Exterior of the Oyo Sino Hotel in the Shepherds Bush neighborhood of London.

OYO, as a part of its integration of various functions of its European vacation homes business progresses, is downsizing in some parts of the business to increase efficiency and harness synergies, the statement added. The startup has also reassessed its corporate headquarter base and is merging roles and flattening team structures.

Tags: india, ipo, layoffs, oyo

Online Travel

Trip.com Group Taps $1.5 Billion Loan Tied to Green Targets

7 days ago

Trip.com Group said on Friday it had tapped a $1.5 billion sustainability-linked loan facility, meaning that the financing terms link the debt’s interest rates to the Chinese online travel giant’s performance against specific environmental targets.

The Shanghai-based company will use three-year dual-tranche term loan facility to refinance some of its debt, and the rest for general corporate purposes.

The move appeared to be the first time a major online travel player adopted green finance. Last year, a shareholder initiative prodded Booking Holdings to do a climate change report. The report came out this year. In October, the company said its Booking.com brand would add emissions estimates to bookings soon. Trip.com-owned Skyscanner has estimated flight emissions for consumers for a few years.

Climate-related risk is on investors’ minds as they look at their portfolios. For travel in general, the sustainability-linked bond may provide more flexibility for investors worried about this issue, said Leslie Samuelrich, president of Boston-based Green Century Capital Management. Sustainability-linked bonds are different from green bonds. They set macro targets for a company, while green bonds commit to specific projects.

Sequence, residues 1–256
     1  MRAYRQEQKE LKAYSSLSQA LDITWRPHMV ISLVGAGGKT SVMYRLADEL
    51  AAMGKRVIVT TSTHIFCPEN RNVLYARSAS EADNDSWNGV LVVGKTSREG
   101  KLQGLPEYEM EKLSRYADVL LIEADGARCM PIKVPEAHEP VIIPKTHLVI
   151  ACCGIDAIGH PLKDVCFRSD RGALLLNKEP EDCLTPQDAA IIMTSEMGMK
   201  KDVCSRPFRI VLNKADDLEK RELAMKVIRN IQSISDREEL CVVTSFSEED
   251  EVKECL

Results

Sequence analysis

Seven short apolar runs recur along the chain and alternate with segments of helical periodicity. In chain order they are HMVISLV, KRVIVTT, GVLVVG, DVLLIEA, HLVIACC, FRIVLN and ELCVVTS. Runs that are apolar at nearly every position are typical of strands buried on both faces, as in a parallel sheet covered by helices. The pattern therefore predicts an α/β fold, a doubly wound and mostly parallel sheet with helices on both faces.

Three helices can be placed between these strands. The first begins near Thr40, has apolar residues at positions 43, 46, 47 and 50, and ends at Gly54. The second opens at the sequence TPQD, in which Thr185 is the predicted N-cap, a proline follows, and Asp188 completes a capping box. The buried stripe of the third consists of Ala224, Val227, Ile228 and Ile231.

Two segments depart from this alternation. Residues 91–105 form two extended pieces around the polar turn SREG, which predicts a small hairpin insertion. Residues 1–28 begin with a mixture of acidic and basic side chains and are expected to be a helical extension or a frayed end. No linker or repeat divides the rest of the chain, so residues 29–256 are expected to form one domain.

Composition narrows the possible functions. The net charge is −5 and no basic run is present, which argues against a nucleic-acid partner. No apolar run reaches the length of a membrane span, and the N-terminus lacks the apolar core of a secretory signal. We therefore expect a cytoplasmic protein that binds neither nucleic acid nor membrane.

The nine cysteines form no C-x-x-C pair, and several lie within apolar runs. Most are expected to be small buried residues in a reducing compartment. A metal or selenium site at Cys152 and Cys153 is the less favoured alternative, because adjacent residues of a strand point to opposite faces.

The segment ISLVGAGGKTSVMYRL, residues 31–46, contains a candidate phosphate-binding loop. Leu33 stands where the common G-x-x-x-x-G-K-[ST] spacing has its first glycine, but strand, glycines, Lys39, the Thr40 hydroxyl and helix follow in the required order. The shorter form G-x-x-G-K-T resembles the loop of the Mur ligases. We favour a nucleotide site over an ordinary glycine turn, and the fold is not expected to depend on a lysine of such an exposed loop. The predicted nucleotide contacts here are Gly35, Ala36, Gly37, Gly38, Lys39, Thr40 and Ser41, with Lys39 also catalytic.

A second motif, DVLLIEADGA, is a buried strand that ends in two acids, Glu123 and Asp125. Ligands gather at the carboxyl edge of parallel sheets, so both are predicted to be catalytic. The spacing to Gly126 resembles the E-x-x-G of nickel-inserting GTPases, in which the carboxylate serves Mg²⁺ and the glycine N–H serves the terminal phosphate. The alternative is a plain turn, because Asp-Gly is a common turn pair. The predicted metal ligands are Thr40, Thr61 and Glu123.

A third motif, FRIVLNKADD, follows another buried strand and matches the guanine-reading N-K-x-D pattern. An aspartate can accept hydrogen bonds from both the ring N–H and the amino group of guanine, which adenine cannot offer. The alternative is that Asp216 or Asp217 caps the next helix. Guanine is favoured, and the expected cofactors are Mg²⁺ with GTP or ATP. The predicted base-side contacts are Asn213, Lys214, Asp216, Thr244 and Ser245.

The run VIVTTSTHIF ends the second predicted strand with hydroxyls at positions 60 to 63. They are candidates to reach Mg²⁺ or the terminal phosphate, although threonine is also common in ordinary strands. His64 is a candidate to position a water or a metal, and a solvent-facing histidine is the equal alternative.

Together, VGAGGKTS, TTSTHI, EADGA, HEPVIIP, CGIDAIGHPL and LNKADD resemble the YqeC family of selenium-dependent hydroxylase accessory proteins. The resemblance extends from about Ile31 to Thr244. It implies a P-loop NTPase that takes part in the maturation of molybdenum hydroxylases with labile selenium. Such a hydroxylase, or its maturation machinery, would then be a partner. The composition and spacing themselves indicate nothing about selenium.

The investment concept is growing fast, Samuelrich said. Last year, lenders issued $103 billion in sustainability-linked bonds to companies across various industries. The year before that, it was about $12 billion.

In April, Ascott Residence Trust issued a sustainability-linked bond — apparently the first in the hotel sector — worth about $143 million ($200 million Singaporean). Ascott Residence Trust has committed to a sustainability performance target of greening half of its total portfolio by 2025, and its interest rates would essentially rise on the loan facility if it fails to meet the target.

The process remains murky and slow burn, though. There’s a debate about measuring the greenhouse gas emissions contributing to the climate emergency. IFRS Foundation, the international accounting standards-setting body, has this year been working on setting standards for emissions-focused reporting. Their work, and the work of other organizations, will adjust how investors evaluate climate risk — a knotty task inviting skepticism from some critics.

Side note: Trip.com’s chief commercial officer Schubert Lou will talk about the international division of Trip.com Group at Skift Global Forum East in Dubai on Dec. 14.

Hotels

Hotels Record Tepid Increase in Job Growth

1 week ago

Hotels added 26,000 new jobs in the United States in November, a small increase from the previous month despite the overall strong job growth numbers for the U.S. economy, especially the leisure and hospitality industry.